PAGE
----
Co-sleeping Article

              Originally posted by Mum2Jai View Post
              I WAS DOING SOME RESERACH ON THIS VERY TOPIC AND FOUND THIS ARCTICLE SEE BELOW

              Children 'should sleep with parents until they're five'

              Sian Griffiths


              Margot Sunderland, director of education at the Centre for Child Mental Health in London, says the practice, known as “co-sleeping”, makes children more likely to grow up as calm, healthy adults.
              Sunderland, author of 20 books, outlines her advice in The Science of Parenting, to be published later this month.
              She is so sure of the findings in the new book, based on 800 scientific studies, that she is calling for health visitors to be issued with fact sheets to educate parents about co-sleeping.
              “These studies should be widely disseminated to parents,” said Sunderland. “I am sympathetic to parenting gurus — why should they know the science? Ninety per cent of it is so new they bloody well need to know it now. There is absolutely no study saying it is good to let your child cry.”
              She argues that the practice common in Britain of training children to sleep alone from a few weeks old is harmful because any separation from parents increases the flow of stress hormones such as cortisol.
              Her findings are based on advances in scientific understanding over the past 20 years of how children’s brains develop, and on studies using scans to analyse how they react in particular circumstances.
              For example, a neurological study three years ago showed that a child separated from a parent experienced similar brain activity to one in physical pain.
              Sunderland also believes current practice is based on social attitudes that should be abandoned. “There is a taboo in this country about children sleeping with their parents,” she said.
              “What I have done in this book is present the science. Studies from around the world show that co-sleeping until the age of five is an investment for the child. They can have separation anxiety up to the age of five and beyond, which can affect them in later life. This is calmed by co-sleeping.”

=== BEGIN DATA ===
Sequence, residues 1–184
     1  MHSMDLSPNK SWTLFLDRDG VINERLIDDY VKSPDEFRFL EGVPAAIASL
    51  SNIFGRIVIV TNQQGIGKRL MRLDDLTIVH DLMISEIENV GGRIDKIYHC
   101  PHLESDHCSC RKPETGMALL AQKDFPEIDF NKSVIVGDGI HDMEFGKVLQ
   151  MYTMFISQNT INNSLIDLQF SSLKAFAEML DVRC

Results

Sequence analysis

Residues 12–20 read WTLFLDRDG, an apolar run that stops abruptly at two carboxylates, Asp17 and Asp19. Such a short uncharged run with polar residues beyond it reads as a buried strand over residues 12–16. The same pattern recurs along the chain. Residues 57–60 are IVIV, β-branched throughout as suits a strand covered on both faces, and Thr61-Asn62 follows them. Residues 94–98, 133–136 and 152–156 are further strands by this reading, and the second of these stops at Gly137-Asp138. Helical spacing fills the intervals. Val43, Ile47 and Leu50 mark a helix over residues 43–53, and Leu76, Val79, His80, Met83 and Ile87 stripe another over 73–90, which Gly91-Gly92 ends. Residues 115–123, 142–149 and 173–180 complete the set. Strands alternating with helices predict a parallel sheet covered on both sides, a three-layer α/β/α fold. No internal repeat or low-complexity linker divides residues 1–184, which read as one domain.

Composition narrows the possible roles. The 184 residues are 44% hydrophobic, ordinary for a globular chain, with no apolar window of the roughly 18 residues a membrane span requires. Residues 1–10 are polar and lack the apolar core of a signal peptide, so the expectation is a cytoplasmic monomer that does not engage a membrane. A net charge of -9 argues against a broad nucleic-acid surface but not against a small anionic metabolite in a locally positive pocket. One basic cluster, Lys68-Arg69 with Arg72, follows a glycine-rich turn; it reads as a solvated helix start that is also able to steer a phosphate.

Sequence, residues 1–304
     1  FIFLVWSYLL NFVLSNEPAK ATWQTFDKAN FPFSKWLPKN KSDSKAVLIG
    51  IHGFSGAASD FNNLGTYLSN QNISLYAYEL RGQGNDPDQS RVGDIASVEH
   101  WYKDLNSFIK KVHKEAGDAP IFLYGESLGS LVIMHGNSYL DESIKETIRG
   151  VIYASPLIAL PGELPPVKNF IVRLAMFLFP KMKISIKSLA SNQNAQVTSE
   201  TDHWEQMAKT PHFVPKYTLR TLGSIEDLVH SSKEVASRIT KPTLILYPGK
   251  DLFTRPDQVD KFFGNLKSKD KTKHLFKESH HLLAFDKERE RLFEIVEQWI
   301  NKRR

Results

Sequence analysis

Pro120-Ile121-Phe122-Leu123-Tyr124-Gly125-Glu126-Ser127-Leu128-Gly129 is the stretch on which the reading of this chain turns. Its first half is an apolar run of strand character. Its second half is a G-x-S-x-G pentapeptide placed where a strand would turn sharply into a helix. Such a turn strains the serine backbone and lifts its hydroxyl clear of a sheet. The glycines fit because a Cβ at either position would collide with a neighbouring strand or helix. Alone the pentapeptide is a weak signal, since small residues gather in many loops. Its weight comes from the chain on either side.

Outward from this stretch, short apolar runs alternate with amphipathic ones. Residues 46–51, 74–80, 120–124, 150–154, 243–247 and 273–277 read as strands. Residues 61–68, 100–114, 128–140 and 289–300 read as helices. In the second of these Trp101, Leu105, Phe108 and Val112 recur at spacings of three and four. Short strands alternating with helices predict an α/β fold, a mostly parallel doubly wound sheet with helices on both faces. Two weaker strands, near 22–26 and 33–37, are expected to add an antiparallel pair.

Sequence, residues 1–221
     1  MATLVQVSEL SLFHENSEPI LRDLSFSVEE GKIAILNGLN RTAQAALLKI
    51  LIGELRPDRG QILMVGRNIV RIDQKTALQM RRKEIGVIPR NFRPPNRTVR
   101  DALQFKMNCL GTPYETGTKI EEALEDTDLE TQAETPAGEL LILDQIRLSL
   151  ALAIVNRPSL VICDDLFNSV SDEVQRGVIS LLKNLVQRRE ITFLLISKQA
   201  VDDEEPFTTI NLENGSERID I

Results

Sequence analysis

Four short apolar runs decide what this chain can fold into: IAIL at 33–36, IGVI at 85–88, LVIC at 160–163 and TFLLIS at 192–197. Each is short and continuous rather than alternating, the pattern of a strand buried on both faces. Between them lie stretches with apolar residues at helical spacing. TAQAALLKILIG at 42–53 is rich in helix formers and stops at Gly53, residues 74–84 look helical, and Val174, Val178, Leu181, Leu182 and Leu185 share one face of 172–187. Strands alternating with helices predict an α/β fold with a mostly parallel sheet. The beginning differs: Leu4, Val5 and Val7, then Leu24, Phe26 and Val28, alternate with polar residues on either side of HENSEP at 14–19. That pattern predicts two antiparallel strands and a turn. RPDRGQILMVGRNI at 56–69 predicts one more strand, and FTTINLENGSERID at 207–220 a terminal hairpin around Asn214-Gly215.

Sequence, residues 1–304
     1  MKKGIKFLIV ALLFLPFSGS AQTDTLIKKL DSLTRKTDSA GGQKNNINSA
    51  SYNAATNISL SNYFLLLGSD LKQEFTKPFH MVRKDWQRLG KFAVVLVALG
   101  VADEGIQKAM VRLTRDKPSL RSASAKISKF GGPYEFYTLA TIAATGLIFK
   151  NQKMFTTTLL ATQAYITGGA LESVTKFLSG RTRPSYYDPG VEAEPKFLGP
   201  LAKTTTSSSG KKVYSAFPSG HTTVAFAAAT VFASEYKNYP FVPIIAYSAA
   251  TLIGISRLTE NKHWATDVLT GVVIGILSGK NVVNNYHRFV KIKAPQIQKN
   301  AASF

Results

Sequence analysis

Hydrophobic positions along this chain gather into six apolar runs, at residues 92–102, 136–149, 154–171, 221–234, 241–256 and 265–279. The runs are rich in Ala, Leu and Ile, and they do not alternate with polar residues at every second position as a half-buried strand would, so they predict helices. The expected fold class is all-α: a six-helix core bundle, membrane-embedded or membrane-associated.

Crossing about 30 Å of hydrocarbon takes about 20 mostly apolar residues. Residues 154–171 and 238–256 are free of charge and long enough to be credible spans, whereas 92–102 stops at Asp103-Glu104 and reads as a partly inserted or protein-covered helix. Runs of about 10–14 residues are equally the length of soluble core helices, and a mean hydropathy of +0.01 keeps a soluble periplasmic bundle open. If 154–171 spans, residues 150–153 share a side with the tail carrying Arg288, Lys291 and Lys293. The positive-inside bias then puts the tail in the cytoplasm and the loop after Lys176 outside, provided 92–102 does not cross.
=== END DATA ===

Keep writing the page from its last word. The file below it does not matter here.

Symptoms can also be physical. Sunderland quotes one study that found some 70% of women who had not been comforted when they cried as children developed digestive difficulties as adults.
              Sunderland’s book puts her at odds with widely read parenting gurus such as Gina Ford, whose advice is followed by thousands.
              Ford advocates establishing sleep routines for babies from a very early age in cots “away from the rest of the house” and teaching babies to sleep “without the assistance of adults”.
              In her book The Complete Sleep Guide for Contented Babies and Toddlers she writes that parents need time by themselves: “Bed sharing . . . more often than not ends up with parents sleeping in separate rooms” and exhausted mothers, a situation that “puts enormous pressure on the family as a whole”.
              Annette Mountford, chief executive of the parenting organisation Family Links, confirmed that the norm for children in Britain was to be encouraged to sleep in cots and beds, often in separate bedrooms, from an early age. “Parents need their space,” she said. “There are definite benefits from encouraging children into their own sleep routine in their own space.”
              Sunderland says moving children to their own beds from a few weeks old, even if they cry in the night, has been shown to increase the flow of cortisol.
              Studies of children under five have shown that for more than 90%, cortisol rises when they go to nursery. For 75%, it falls whenever they go home.
              Professor Jaak Panksepp, a neuroscientist at Washington State University, who has written a foreword to the book, said Sunderland’s arguments were “a coherent story that is consistent with neuroscience. A wise society will take it to heart”.
              Sunderland argues that putting children to sleep alone is a peculiarly western phenomenon that may increase the chance of cot death, also known as sudden infant death syndrome (Sids). This may be because the child misses the calming effect on breathing and heart function of lying next to its mother.
              “In the UK, 500 children a year die of Sids,” Sunderland writes. “In China, where it [co-sleeping] is taken for granted, Sids is so rare it does not have a name.”
              Awesome article! "A wise society will take it to heart."
              Original link is here:

              http://www.timesonline.co.uk/tol/new...cle1083020.ece

              Comment